The other day, I read a quote somewhere online (don’t ask me where because I can’t remember) that said ‘adult friendships are two people saying, “I haven’t seen you in ages – we should hang out more” over and over until one of you dies’.
OK, it’s a bit grim but it made me chuckle because, over the past year I’ve heard from so many people I thought I’d lost touch with – although certainly not forgotten.
For instance, just the other day, my best friends from school, Hodge and Lucinda, suddenly got in touch. It turned out they had both been reading this column.
A few months back, I wrote that I’d been thinking about mortality. Apparently, Alzheimer’s – or The A Word, as I call it – means I have a time limit, although, apart from the various frustrations and confusions that are a fact of life now, I feel fine really.
They didn’t say it outright but they were clearly calling me because they were worried that I might not be around for too much longer, so wanted to meet.
I reassured them that I was well, and hoped to be around for some time yet.
So we made a plan to have lunch together. Hodge came all the way from Edinburgh, and Lucinda now lives on the other side of London, so it felt like a real treat. We couldn’t quite put a date on it but we think the last time we were all together would have been the summer of 1969, when we went to see Bob Dylan play at the Isle of Wight Festival.
Back then, I drove my mum’s lovely blue Triumph Herald (I still can’t believe she let me borrow it) all the way from London to Portsmouth, and then on to the ferry.
Our enormous bell-shaped tent was adorned with a Union Jack that we were certain would make us visible from space.
And there was that slogan on all the posters which we loved: ‘Help Dylan Sink The Isle of Wight’. Bob, I read later, hated it.
I remember it all so vividly, which is ironic considering I now often can’t remember what I said five minutes ago. Maybe that’s why I like to reminisce; the old memories are what I have now, since I don’t seem to be retaining as many new ones.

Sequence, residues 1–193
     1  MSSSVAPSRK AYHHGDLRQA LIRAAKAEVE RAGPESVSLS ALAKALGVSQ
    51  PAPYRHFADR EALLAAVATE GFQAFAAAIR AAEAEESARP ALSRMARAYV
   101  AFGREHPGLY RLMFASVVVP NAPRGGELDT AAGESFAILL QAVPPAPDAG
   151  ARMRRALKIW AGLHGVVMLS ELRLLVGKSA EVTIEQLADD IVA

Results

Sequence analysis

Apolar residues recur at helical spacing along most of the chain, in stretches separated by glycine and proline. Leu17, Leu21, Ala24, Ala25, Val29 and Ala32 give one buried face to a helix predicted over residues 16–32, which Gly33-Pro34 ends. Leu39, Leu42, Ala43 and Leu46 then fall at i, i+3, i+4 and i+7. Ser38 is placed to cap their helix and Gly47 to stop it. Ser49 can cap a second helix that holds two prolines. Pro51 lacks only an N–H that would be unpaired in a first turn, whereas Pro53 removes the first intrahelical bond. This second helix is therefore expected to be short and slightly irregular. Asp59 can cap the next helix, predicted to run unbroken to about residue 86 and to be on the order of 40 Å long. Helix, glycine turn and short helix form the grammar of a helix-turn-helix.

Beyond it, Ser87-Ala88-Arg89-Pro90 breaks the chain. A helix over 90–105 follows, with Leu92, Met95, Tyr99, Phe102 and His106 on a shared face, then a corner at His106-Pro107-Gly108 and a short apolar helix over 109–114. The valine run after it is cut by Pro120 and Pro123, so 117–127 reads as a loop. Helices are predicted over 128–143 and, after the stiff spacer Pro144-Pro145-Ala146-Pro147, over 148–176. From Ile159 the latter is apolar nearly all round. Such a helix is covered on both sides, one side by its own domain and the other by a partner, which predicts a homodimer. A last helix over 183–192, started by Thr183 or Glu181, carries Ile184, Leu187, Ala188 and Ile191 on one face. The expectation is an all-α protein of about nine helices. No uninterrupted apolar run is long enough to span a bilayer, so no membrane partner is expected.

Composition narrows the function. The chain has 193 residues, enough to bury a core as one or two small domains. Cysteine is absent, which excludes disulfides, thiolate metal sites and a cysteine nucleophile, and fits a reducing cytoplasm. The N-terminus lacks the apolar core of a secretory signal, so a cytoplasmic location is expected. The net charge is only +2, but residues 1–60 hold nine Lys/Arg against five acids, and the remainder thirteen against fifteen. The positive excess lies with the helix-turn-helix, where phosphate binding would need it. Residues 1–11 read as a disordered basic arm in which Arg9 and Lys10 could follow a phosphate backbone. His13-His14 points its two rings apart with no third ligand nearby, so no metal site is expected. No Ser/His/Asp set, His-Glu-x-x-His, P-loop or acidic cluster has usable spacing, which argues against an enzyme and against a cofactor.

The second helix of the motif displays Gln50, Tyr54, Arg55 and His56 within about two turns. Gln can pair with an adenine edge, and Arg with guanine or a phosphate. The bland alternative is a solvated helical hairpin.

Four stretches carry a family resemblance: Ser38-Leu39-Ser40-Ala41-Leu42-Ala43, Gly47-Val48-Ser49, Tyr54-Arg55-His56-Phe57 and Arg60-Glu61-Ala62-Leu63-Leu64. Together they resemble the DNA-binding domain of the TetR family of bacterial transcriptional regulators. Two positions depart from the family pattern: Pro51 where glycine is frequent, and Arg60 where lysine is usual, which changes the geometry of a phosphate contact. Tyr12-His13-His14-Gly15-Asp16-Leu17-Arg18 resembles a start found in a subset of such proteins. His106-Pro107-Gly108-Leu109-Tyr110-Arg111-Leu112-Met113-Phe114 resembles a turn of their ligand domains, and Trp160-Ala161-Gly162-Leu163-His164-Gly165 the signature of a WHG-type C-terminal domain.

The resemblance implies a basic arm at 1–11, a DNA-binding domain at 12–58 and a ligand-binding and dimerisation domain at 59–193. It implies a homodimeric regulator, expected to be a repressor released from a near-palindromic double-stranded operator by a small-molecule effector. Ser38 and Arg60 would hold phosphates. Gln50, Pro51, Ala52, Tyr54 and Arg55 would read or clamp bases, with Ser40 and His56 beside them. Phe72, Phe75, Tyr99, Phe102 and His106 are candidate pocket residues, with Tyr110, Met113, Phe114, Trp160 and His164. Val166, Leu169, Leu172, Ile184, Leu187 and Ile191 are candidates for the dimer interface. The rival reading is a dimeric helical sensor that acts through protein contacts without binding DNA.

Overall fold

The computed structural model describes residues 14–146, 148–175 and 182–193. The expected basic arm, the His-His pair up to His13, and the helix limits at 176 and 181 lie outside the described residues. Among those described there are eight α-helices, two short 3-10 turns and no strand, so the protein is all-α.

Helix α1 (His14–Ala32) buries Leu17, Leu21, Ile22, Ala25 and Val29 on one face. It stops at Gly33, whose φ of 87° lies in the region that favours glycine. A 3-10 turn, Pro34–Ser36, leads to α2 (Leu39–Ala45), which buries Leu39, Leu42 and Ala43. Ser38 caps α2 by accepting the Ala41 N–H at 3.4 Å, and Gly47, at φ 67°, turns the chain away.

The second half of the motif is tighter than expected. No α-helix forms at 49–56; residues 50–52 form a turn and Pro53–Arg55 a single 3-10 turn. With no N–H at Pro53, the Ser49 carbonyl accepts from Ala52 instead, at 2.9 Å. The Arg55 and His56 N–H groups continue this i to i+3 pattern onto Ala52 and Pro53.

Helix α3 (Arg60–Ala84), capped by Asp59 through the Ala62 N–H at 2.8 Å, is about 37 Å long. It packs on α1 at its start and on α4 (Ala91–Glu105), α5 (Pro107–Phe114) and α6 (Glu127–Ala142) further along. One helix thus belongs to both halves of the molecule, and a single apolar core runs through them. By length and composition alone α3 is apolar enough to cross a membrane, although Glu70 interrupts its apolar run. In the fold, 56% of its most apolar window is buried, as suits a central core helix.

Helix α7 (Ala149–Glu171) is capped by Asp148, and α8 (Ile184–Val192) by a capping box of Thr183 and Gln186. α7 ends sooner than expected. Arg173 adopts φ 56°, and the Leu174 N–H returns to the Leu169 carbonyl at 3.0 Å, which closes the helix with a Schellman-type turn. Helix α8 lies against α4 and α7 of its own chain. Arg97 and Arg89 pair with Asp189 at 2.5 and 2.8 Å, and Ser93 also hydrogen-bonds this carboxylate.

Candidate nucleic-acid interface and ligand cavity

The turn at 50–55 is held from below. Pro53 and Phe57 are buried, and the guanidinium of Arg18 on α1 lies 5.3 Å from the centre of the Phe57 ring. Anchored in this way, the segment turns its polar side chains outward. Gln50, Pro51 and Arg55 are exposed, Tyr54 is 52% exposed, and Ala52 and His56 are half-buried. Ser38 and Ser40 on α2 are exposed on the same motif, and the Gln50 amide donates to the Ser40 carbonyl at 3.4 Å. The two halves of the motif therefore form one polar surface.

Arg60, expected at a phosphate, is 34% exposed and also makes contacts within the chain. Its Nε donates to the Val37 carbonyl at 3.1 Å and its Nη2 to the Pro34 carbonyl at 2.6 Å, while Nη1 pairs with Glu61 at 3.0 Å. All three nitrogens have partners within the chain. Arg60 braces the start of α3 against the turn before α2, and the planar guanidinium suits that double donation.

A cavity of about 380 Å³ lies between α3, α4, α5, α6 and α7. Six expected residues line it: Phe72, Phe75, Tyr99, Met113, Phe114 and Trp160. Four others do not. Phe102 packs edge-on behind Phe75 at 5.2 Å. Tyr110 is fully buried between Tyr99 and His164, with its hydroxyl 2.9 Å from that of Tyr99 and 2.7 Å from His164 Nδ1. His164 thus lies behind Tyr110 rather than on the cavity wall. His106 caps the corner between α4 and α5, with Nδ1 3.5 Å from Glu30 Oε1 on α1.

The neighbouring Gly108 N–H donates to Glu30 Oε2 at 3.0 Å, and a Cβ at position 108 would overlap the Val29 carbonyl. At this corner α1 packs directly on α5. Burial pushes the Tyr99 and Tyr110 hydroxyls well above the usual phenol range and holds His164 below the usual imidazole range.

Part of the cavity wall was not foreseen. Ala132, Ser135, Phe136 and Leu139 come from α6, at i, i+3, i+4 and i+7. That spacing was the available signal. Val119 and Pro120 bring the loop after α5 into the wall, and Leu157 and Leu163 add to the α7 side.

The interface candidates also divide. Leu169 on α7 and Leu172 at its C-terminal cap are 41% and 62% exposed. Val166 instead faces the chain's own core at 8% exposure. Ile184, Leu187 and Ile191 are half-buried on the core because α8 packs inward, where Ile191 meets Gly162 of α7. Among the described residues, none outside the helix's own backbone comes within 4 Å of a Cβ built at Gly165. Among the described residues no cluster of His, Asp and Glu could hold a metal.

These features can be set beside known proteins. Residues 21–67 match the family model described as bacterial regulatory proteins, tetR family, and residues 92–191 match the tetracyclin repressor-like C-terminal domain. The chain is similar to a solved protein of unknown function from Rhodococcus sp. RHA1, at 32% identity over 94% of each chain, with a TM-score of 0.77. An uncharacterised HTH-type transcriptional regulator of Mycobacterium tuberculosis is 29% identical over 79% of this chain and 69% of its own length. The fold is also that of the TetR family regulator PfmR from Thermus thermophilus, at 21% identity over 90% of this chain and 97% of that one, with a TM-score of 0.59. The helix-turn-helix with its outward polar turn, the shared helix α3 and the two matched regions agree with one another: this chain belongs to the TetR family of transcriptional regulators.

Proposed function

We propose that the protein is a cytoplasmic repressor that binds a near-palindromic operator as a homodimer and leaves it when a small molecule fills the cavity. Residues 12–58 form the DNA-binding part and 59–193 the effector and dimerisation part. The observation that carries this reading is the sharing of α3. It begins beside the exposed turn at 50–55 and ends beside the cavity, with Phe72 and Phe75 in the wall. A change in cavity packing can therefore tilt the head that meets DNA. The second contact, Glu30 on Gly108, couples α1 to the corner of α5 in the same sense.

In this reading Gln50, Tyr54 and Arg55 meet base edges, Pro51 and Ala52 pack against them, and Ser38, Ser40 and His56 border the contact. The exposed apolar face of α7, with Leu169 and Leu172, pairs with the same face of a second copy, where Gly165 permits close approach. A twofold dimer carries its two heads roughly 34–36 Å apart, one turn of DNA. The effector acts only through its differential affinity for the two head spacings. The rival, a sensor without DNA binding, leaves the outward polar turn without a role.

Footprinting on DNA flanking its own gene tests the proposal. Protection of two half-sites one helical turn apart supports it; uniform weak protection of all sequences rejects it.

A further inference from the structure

The other big news – which has meant a few more trips down Memory Lane – is that at the moment we’re having the house decorated, which I’m not enjoying one bit. It was last done in 1981, so I suppose it’s necessary.
It’s going to look fantastic, and my husband Chris is really getting his teeth into it.
But I hate change. Always have. And everything is in boxes so I don’t know where anything is. I find the experience disturbing.
On the plus side, in all the boxing up and moving, we’ve unearthed lots of old photos from the 1960s and 1970s, including, coincidentally, several of me with Lucinda and Hodge.
Anyway, my point is, as odd as it does feel when you know people are calling you because they think you might soon pop your clogs, I was thrilled to see them.
Similarly, I was so pleased when, a few months ago, I had another ‘old friends’ event: a gathering of my ex-boyfriends, who all decided to take me out to dinner – and each of whom had a tale to tell of how we got up to no good at some point.
Is there a silver lining to life with the A Word? Maybe it’s the fact that I get to see more of my good friends.
I’ve spent so much of my life working and being too busy to see anyone. I loved my job, but I suppose at the end of the day it’s people who are the most important thing.
Today, things are simpler. I walk my Tibetan terrier Benny and meet up with people on Clapham Common in South London.
I’ve told most of them about my Alzheimer’s. So if I start to say things that don’t make sense, they roll their eyes and ask me what I’m going on about – and we laugh about it. I just say: ‘Oh, you know what my brain is like.’
And now I’m also getting to spend time with those people to whom, over the years, I’ve said ‘we should hang out more’, but never managed to.
My message is this: if there is someone you want to spend time with, don’t hang about, just do it. Don’t wait until one of you dies.
Yes, you might have to do the shopping, pick up the kids, file that tax return, not be late for work or late home afterwards. Of course all of those things have to be done.
But having fun is just as important. And it’s the fun stuff, not the paperwork, that we end up remembering for ever.